The Weird Side Of Literary Tourism: Five Bizarre Book-Inspired Experiences
Literary tourism isn't new. The Wadsworth-Longfellow House, Mark Twain's boyhood home, the Hemingway Museum, the Dr. Seuss National Memorial Sculpture Garden, Thoreau's cabin, and hundreds of other bookish excursions let you visit the childhood home where your favorite author wrote, follow in the footsteps of a beloved novel's protagonist, or explore a museum showcasing important periods in literary history. Trips like these let us connect with books on a deeper level and inspire us as writers. But what if you want to live the story? To take part in it? Here are five unusual destinations that let you do just that...
For fans of: Charles Dickens, bleakness, poverty, strategically placed stench, rickets
Location: Kent, England
Cost: £12 adults, £7 kids, £24.95 if it's Luther Vandross and Whitney Houston Tribute Night
Are the kids a touch too cheerful these days? Don't let them get all smug; tell them you're going to Disneyland then shuttle them over to Dickens World instead. Once inside the cobblestoned, soot-encrusted recreation of Dickens's 19th century London, they'll be scolded by surly schoolmarms, overcome by the odor of rotting meat and cabbage, and confronted with reenactments of hangings and murders. When they need a break, send them to the play area, Fagin's Den, and hope they don't realize it's named after a "grotesque" Oliver Twist character who teaches children to become thieves and prostitutes. And no visit to the five-year-old park would be complete without a ride on the Great Expectations log flume, which snakes through rat-infested waters, sewers, and graveyards. If the fam has survived it all without a bout of typhoid fever, honor the bicentennial of Dickens's birth by toasting his literary legacy with some soda at the Pizza Hut or enjoying an evening tribute to Rod Stewart and Abba or George Michael and Kylie.
For fans of: The Hunger Games, zip-lining, archery, dystopia, murder, bloodsport
Location: Brevard and Transylvania County, North Carolina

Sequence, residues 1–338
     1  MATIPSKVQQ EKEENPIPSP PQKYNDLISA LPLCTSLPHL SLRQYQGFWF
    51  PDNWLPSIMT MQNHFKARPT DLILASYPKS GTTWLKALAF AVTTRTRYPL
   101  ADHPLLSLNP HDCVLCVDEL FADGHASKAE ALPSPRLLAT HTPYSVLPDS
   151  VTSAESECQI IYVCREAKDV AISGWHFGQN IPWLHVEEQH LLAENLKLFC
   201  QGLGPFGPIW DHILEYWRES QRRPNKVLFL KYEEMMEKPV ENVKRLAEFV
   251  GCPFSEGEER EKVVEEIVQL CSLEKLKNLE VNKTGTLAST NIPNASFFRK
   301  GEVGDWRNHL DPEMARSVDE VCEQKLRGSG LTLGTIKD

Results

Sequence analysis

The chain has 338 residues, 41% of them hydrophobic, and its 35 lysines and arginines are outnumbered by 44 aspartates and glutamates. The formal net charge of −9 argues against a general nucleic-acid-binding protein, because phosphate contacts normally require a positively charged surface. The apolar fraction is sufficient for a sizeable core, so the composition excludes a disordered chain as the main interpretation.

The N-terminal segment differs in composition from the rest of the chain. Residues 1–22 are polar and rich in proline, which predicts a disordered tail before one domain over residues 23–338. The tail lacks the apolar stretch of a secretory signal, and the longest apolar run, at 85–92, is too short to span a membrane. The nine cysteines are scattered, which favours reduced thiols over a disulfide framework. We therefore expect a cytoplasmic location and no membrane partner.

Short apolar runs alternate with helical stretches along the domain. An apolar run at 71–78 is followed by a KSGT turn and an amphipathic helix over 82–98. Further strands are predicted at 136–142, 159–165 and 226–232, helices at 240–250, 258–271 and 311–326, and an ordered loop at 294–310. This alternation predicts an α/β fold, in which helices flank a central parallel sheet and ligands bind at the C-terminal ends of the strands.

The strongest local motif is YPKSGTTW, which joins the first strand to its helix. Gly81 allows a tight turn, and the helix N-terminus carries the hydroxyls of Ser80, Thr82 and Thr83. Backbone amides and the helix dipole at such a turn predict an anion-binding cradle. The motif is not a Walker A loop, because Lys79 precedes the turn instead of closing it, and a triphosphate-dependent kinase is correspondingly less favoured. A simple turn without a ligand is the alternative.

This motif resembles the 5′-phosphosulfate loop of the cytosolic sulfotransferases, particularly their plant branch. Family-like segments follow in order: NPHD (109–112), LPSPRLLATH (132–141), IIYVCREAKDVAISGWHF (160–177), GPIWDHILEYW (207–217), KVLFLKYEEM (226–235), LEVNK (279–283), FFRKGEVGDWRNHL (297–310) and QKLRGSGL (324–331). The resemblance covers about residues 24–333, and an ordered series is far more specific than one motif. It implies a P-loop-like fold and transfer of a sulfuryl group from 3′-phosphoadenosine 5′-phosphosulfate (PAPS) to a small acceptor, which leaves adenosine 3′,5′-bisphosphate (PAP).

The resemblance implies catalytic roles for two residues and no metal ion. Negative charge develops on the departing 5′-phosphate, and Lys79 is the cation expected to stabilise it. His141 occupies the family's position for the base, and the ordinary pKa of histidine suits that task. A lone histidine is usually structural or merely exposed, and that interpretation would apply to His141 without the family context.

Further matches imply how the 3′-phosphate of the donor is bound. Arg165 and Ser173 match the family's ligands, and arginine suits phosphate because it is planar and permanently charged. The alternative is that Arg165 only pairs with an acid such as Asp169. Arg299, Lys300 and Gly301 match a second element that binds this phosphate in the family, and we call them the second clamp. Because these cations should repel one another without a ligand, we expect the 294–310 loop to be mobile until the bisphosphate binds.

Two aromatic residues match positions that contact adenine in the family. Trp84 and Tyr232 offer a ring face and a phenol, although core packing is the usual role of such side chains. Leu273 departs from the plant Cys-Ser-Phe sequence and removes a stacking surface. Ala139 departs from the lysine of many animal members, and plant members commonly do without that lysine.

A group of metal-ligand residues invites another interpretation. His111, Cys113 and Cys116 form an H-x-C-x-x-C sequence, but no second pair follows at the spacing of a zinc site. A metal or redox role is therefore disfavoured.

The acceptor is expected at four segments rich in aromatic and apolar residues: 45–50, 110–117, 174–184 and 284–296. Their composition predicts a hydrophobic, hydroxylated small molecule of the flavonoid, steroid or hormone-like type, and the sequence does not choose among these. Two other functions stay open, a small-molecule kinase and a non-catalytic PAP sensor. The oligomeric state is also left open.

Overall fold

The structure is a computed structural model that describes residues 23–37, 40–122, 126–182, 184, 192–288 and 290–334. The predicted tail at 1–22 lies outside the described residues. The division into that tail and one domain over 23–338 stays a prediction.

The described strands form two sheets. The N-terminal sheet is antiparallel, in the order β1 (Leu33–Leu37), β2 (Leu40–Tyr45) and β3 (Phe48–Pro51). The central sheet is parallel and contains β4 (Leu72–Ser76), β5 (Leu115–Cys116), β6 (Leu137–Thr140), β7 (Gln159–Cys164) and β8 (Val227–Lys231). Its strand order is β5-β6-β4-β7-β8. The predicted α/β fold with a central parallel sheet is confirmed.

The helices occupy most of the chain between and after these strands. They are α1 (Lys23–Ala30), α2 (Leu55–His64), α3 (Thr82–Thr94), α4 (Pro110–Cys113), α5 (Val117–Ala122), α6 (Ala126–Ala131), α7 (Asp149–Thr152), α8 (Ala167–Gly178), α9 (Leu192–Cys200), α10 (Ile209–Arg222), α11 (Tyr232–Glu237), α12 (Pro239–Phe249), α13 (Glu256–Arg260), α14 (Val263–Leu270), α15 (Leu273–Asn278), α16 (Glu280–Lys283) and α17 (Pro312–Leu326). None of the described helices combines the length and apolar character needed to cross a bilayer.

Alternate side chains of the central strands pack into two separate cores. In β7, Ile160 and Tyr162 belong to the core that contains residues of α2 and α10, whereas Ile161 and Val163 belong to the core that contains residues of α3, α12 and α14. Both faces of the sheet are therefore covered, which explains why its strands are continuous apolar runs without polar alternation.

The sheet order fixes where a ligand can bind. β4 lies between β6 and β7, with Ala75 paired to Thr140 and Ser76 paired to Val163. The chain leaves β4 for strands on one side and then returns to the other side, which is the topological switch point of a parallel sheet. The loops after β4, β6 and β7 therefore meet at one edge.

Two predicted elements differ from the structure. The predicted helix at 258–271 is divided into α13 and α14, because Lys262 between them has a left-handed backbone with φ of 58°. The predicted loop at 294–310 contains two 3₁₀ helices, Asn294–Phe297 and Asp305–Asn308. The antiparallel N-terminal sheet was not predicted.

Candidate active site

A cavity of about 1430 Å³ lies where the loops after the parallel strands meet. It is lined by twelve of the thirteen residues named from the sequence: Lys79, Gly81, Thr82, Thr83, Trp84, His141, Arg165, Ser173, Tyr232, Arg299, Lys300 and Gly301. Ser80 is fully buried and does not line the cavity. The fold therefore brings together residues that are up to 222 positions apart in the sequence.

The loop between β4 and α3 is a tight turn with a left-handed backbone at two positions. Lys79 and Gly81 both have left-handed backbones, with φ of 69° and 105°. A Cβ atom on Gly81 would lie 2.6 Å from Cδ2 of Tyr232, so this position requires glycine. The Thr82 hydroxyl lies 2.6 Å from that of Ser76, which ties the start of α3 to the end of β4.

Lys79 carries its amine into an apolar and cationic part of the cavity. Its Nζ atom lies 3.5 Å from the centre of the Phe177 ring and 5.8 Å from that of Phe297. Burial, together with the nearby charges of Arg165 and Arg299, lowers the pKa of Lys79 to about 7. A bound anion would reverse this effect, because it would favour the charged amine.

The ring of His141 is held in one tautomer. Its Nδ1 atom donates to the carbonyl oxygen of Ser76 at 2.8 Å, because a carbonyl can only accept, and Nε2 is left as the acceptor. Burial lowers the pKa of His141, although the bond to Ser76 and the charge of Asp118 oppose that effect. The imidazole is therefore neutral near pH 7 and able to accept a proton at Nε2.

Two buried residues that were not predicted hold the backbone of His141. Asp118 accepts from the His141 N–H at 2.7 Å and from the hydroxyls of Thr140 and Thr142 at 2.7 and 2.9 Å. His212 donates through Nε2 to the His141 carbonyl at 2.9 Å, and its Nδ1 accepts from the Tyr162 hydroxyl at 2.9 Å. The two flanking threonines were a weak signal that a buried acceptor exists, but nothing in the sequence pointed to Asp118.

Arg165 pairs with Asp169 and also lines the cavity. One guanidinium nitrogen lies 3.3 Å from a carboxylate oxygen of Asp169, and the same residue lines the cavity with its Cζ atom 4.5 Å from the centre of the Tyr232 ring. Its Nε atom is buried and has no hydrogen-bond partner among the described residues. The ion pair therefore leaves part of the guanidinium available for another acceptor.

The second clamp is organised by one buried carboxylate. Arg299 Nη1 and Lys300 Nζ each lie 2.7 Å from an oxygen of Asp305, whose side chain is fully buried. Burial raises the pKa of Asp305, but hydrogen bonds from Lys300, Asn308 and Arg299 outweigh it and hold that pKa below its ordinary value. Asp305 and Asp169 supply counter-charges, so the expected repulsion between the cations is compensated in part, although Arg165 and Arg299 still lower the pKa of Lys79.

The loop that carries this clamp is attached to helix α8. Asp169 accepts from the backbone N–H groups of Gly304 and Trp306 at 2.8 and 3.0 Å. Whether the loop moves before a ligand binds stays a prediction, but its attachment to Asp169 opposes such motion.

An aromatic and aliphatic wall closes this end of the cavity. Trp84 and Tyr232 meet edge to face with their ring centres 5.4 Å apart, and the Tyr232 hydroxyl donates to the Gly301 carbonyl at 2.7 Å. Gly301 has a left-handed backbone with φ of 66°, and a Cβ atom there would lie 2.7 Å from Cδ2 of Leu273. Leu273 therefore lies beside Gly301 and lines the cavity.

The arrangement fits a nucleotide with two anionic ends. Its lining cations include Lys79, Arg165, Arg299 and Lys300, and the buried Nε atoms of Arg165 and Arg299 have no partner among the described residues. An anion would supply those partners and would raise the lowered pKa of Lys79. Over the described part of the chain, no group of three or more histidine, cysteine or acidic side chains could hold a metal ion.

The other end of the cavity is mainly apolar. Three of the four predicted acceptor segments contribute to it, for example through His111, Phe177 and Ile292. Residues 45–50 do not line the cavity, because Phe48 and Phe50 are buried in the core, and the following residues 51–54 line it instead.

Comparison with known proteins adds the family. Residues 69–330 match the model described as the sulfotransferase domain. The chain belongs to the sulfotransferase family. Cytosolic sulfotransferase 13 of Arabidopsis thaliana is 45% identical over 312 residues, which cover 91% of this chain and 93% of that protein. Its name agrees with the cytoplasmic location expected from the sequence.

Ever wanted to hunt down other human beings in the woods and pretend to murder them? Then do we have the trip for you, the Hunger Games Adventure Weekend. On select dates, you can join twenty-seven other strangers in the North Carolina woods to make-believe that you're learning how to fight one another to the death. What could go wrong? Your journey begins with a lottery that will separate you and your fellow participants into Districts because all vacations should begin with a divisive ceremony that pits you against your fellow travelers. By day, you'll participate in "survival classes," learning archery and sling-shot skills, fire- and shelter-building techniques, and orienteering. You'll paint your face in camo and try not to let the situation devolve into a Lord Of The Flies scenario involving a severed pig head. By night, you'll zip-line through the forest canopy where your face will careen—high-speed in the dark—into spider webs, leaves, and flying nocturnal insects. On the final day of your adventure, you'll participate in a Hunger Games "simulation." According to the website, this simulation does not involve actually putting an arrow through your fellow competitors' heads, but rather time trials of the skills you learned during the weekend.
For fans of: Fifty Shades Of Grey, BDSM, masturbation, moaning through thin hotel walls, frivolous spending
Location: Various, including San Francisco, California; Monterey, California; Portland, Oregon; Seattle, Washington
Take one opportunistic travel industry, add thousands of randy middle-aged women, and what do you get? Big profits. Several West Coast hotels have created packages to cash in on the book everybody loves to hate. Personality Hotels, with properties in San Fran and Monterey, offers the least expensive, the 50 Shades Of Women Package. For $369, guests receive a box containing an Ola Vibrator ("voted sexiest technology in 2001"...that's a thing?), lube, designer condoms, a black silk scarf, and a feather ("not meant for dusting"). The maids must be thrilled. Do you know how many vibrators you could buy for $369? Lots. Like forty low-end useless ones or three and a half awesome ones. That's just, um, a guess, of course.
Next up, Seattle's Hotel Max, which offers the $1,967 Sexy Shades Of Seattle package featuring chauffeured town car service, a helicopter tour of the city, and a private four-hour sailing excursion on Puget Sound with gourmet picnic and a bottle of Bollinger Grande Annee Rose 1999 champagne. Just down the road at The Edgewater, horny ladies can take advantage of the hotel's 50 Shades Of Romance package complete with waterfront room, the same sailing trip and champagne offered by Hotel Max (it is, apparently, Mr. Grey's bevie of choice), a copy of the book (which you presumably already own if you're investing $914 on this package), a map of places mentioned in the book, and an Audi to tool around the city in. "Tool" being the operative word here.